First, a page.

Codetermination sounds great – but could do more harm than good.
So let’s start with an article in yesterday’s Chicago Tribune, a wire report from AP, that took me by surprise:
The article described a new form of employer healthcare provision, the Individual Coverage Health Reimbursement Arrangement or ICHRA. This approach takes the well-established Healthcare Reimbursement Account, which combines a high-deductible healthcare plan and a reimbursement account, money provided by the employer which can be used to offset some healthcare costs while meeting the deductible, and adds a twist: the employer can provide money which individuals can use to purchase health insurance — and they can do so with the same tax advantages as if they were providing the insurance coverage directly.
To be sure, there are limitations that mean that the government’s forecast is that only 11 million employees will benefit: the employer must not offer group health insurance already (that is, employees can’t select this as an alternative to group health insurance), or can only offer the ICHRA to categories of employees to whom it doesn’t otherwise offer insurance (like part-time employees). Also, an employee buying insurance through the Obamacare “exchange” can’t “stack” the employer benefit and the premium credits, and can’t pay for the additional costs in a pre-tax manner, but that is possible if an employee purchases insurance outside of the ACA exchange. And, of course, a “regular” employer-sponsored healthcare plan is still preferable for employees when they benefit from group rates and don’t have to wade through a potentially overwhelming number of plan choices.
(For lots of detail, see “New Final Rule Lets Employees Use HRAs to Buy Health Insurance” at SHRM.)
Now, it turns out, this isn’t new. This was a rule issued by the departments of HHS, Labor, and the Treasury issued the rule enabling this on June 13 of 2019. And, yes, this is a “rule” — an administration interpretation/implementation of existing legislation, so in principle Biden could simply issue a new rule which overrules this (with the applicable comment period and other bureaucracy). It seems likely that two other Trump “rules” — one allowing “association health plans” and the other allowing low-cost short-term insurance — will be sent to the circular file, but I have a hard time imagining that Biden will oppose this one (though perhaps my imagination is faulty).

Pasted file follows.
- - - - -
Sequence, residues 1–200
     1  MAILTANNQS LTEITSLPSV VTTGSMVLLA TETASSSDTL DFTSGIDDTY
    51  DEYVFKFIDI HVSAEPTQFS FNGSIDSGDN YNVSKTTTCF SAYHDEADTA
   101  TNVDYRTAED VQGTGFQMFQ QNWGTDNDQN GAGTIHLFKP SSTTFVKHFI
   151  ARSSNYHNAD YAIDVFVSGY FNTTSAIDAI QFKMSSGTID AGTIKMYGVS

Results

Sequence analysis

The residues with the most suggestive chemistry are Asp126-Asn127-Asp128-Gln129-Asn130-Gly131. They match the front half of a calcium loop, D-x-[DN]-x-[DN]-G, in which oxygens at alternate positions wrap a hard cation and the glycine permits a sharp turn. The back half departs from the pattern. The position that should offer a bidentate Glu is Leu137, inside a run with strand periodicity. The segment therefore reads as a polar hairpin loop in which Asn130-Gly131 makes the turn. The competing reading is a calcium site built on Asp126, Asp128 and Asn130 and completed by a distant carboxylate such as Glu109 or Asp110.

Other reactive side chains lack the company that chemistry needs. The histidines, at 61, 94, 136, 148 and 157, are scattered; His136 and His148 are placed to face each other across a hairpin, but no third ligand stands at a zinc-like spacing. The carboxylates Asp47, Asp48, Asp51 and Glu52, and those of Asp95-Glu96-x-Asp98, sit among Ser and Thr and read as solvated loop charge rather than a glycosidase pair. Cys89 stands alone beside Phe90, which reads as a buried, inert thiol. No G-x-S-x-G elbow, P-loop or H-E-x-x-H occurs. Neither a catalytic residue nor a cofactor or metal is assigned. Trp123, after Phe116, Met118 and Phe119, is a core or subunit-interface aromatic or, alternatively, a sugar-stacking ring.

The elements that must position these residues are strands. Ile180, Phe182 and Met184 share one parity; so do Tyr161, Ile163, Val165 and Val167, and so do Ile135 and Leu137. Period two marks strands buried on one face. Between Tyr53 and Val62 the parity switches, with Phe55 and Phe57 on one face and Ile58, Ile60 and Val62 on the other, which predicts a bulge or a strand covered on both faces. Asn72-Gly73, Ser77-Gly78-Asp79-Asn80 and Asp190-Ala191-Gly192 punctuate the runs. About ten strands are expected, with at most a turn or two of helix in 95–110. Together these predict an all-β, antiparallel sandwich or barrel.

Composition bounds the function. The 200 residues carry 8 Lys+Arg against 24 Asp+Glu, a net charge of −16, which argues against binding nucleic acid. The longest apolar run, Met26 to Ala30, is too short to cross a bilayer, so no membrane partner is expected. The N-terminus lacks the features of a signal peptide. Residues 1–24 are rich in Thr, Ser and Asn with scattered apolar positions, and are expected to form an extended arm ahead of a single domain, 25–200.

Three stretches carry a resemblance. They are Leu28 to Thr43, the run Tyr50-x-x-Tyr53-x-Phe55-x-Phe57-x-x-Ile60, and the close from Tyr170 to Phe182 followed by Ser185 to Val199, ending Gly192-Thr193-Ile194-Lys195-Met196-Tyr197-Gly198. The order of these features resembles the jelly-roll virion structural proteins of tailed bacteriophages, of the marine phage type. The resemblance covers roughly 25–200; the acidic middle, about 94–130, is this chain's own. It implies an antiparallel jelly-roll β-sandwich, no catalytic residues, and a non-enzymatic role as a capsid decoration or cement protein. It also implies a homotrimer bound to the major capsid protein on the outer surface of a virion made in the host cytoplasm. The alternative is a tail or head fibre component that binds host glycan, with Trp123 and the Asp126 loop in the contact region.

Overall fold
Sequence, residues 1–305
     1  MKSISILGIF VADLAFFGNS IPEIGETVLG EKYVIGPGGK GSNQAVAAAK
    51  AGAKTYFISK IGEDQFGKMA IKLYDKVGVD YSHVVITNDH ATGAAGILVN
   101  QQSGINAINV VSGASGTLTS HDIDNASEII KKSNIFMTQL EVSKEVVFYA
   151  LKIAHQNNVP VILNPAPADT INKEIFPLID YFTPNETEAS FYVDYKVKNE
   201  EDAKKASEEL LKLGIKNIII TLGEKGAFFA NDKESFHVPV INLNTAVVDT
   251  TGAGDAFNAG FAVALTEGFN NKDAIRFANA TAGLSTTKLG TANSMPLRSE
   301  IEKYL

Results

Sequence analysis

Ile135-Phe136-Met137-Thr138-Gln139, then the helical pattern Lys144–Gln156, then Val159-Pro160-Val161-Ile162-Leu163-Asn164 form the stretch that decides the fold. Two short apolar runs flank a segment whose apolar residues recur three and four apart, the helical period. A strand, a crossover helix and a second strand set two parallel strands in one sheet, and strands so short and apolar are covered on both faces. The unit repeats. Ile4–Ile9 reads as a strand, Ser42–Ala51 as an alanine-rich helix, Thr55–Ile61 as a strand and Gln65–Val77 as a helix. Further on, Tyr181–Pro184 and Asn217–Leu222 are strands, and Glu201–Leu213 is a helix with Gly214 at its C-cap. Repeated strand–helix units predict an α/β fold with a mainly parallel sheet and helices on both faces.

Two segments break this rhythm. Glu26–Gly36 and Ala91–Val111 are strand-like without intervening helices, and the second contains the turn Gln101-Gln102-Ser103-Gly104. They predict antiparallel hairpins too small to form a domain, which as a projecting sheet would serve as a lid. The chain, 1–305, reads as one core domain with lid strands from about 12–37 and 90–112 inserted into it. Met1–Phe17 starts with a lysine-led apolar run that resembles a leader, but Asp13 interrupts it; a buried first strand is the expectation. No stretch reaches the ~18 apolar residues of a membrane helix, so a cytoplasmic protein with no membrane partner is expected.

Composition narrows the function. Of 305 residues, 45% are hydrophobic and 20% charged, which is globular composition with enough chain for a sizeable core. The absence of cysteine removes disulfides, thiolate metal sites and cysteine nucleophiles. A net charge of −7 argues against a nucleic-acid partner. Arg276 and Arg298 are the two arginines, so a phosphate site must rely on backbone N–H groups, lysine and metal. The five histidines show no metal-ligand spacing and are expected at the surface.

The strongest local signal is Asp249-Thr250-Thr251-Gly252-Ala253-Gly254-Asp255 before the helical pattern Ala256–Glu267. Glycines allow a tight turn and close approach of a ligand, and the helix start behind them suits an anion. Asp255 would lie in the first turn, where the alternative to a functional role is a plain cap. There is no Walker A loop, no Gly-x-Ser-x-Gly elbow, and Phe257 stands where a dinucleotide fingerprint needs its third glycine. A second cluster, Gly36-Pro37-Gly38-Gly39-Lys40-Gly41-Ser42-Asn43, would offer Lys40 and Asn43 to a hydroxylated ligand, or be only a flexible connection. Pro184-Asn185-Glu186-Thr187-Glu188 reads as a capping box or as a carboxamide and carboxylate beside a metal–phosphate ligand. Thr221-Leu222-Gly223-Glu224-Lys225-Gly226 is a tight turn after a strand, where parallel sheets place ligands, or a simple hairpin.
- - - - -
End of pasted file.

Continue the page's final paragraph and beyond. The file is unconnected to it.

But I do believe that this small regulation, over time, could have a very outsized impact on the healthcare system.
Bear with me for a minute here:
Remember the staff model HMO?
That was supposed to fix our healthcare system. Rather than the existing expectation of “consumer-driven healthcare plans” that we healthcare customers will work with our healthcare providers to ensure that our medications are the lowest-cost options possible, that no unnecessary procedures and tests are performed, and that such tests and procedures as are necessary, are done by the most cost-effective provider (e.g., through look-up tools at insurer websites), the staff model HMO’s providers did all that as professionals.
And back in the day — well, not only is my own family’s current health plan a high-deductible one, but our choices are high deductible, or very high deductible. You likely have the same (unless you’re a public sector employee). When my first son was born, we paid a $10 copay. That was it. Oh, and a $300 upcharge for a private room. Later, when he needed speech therapy, we paid copays, then were issued a refund check, because, it turned out, there was a no copay, it was first-dollar coverage.
But let me backtrack: the original HMO concept was staff-model. Its name, Health Maintenance Organization, was adopted because of the focus on preventive care, in a manner that wasn’t the norm in traditional insurance, which, at the time, did not necessarily cover ordinary annual check-ups and the like. HMOs came about in the 1970s as doctor practices which were affiliated with particular hospitals; they were also called “prepaid healthcare” and the idea was that they were not an “insurance” product but you simply paid in advance for all your healthcare from that particular healthcare system.